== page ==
Climate Crisis

Together for Climate Action

Advancing climate action through teaching and research is a key priority for The Bartlett. As well as delivering the Together for Climate Action campaign in 2021, we’ve pledged to reach net zero by 2030.

The COP26 Climate Conference in early November 2021 put the climate crisis at the top of the political agenda. At COP26, commitments which have been made to reduce greenhouse gas emissions were reviewed and, in some cases, strengthened. In addition, pledges were made on reducing methane emissions, “phasing down” coal, removing “inefficient fossil fuel subsidies” and stopping deforestation by 2030.

Countries responsible for about 80% of global emissions now have targets in place for the reduction of greenhouse gas emissions to ‘net zero’ by 2050 or later (China 2060, India 2070), but the policies are nowhere yet in place for these targets to be met. The USA and China, the two largest greenhouse gas emitters, made a joint statement towards the end of the Conference on the need for them, to work together on climate action. However, what climate policy making now needs is action on the targets and pledges to which countries have committed.

We must look after our own situation as well. UCL has committed greatly to reduce the climate and other environmental impacts of its estate: to get to net-zero carbon in its buildings, be free of single-use plastic, reduce waste per person by 20% and increase biodiverse green space by 10,000 sq m, all by 2024. UCL aims to be net zero in carbon emissions as an institution by 2030.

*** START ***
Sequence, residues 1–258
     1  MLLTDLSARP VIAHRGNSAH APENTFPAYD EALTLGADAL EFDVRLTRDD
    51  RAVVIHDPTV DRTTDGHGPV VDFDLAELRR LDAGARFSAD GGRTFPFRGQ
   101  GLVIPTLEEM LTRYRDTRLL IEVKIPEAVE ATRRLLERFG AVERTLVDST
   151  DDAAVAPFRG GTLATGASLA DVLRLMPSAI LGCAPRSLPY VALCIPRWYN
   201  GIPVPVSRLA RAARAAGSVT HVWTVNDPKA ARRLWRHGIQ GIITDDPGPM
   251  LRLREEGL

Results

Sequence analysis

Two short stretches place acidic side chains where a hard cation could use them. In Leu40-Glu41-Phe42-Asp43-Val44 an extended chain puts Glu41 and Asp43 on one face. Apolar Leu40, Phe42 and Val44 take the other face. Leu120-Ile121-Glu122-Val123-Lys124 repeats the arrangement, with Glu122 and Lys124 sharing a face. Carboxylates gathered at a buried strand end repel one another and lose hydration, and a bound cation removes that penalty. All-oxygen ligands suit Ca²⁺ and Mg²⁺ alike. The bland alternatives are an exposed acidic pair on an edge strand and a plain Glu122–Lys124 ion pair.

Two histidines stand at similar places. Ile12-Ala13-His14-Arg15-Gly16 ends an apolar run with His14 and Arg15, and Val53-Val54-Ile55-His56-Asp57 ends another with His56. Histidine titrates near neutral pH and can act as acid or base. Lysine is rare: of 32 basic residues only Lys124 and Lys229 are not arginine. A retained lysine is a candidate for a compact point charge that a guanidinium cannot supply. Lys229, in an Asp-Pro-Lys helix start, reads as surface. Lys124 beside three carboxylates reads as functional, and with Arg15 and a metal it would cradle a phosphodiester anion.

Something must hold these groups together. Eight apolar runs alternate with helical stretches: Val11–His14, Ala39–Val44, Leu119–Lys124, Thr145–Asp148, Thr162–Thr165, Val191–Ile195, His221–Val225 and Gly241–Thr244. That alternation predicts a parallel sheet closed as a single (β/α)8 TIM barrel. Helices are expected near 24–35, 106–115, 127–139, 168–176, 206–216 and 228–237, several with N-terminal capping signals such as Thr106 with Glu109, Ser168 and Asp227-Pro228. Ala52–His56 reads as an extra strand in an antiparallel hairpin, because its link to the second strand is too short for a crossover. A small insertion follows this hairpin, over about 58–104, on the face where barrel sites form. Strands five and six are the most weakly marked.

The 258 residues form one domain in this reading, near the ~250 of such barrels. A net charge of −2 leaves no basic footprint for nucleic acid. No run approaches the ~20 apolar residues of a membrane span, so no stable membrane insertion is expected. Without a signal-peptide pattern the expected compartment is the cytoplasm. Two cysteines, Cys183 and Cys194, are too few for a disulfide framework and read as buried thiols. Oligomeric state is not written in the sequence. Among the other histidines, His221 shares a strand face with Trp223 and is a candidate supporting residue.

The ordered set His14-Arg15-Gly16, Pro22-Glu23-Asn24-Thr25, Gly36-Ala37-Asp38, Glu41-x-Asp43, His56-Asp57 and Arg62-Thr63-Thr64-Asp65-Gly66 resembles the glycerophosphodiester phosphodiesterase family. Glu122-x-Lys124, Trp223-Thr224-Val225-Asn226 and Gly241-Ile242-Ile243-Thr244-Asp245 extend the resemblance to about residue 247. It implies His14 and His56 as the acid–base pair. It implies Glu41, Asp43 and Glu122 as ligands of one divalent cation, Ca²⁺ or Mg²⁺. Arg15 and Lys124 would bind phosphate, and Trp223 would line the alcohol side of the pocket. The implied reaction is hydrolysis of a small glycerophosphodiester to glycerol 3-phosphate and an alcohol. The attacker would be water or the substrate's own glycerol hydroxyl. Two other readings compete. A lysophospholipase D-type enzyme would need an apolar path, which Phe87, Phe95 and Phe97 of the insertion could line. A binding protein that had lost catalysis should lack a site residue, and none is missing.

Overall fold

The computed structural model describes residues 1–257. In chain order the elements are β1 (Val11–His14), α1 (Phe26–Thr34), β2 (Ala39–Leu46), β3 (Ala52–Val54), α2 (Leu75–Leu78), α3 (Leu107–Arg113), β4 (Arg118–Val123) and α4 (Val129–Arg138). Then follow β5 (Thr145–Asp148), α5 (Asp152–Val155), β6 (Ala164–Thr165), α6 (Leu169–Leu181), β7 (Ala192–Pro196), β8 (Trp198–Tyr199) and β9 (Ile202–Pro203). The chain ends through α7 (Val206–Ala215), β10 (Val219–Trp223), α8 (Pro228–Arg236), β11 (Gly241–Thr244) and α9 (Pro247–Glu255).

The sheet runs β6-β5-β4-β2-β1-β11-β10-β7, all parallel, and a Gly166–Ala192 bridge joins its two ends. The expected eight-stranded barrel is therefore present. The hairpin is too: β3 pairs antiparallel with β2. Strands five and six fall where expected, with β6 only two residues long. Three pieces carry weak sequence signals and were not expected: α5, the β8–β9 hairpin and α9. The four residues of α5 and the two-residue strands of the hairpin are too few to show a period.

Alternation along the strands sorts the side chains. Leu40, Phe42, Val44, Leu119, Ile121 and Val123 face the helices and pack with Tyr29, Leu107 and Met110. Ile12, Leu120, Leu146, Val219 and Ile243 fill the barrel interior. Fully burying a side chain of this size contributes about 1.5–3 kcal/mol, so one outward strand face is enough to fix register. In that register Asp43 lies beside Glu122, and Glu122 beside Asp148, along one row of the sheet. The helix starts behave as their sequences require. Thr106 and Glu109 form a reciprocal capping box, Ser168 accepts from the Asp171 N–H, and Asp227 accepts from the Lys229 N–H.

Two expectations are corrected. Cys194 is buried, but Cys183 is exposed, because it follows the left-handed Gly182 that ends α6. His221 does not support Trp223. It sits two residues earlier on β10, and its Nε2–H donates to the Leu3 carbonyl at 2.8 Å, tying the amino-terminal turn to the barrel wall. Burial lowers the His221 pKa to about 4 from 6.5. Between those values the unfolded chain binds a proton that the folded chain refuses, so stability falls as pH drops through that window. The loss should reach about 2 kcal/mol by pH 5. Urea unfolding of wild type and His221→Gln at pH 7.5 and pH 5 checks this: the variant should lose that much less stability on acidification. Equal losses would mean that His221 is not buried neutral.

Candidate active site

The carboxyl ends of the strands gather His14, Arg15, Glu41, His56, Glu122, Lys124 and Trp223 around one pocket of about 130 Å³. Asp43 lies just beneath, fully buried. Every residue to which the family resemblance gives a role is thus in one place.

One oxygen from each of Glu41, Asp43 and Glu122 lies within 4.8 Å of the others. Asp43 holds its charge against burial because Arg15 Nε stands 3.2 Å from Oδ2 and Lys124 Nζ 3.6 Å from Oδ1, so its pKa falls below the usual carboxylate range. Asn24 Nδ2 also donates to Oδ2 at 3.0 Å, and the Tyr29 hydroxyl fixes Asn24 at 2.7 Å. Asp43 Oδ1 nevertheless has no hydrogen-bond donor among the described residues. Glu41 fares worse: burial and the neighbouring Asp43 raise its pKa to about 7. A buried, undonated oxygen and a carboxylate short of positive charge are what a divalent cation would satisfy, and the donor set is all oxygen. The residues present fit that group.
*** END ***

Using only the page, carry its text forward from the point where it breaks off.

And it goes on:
Windfarm at sea

In October 2021, The Bartlett aligned itself with this strategy by pledging to become a net-zero faculty by 2030. But, as a leading educational institution, UCL also has sustainability commitments in relation to teaching and research. As a result, we will generate insights and knowledge as to how the climate crisis can be successfully addressed, teach that knowledge to our students, and share it more widely with others who can use it.

Getting to net zero will require an enormous and sustained societal effort. Greenhouse gases are produced by almost every kind of human activity. Fossil fuels like coal, oil and natural gas, are the major sources of the most important greenhouse gas, carbon dioxide (CO2). The burning of these fuels has propelled economic growth and human prosperity since the industrial revolution. All areas of activity in society and the economy will be affected by the move away from them. There are still many uncertainties as to how net zero will be achieved.

The full range of UCL’s research and action on climate change may be browsed on UCL’s climate change website. On a separate webpage is The Bartlett’s Together for Climate Action campaign. This campaign, which ran from May through to the COP26 summit meeting in Glasgow in early November 2021, has been a key faculty priority. We wanted to lend support to the first of such meetings to take place in the UK, and to stress the need for action. But action needs to be well informed, and the purpose of the campaign was to produce accurate but accessible information about those issues in which The Bartlett has world-class expertise: the built environment and the energy system.

crops growing on steps

The Together for Climate Action campaign had two main targets: the public, and those policy makers, businesspeople and active citizens who are keen to become more aware of what policies could turn the climate targets from vague aspirations to actual achievements. The hope was that over the course of the Campaign, some in the first group would become part of the second.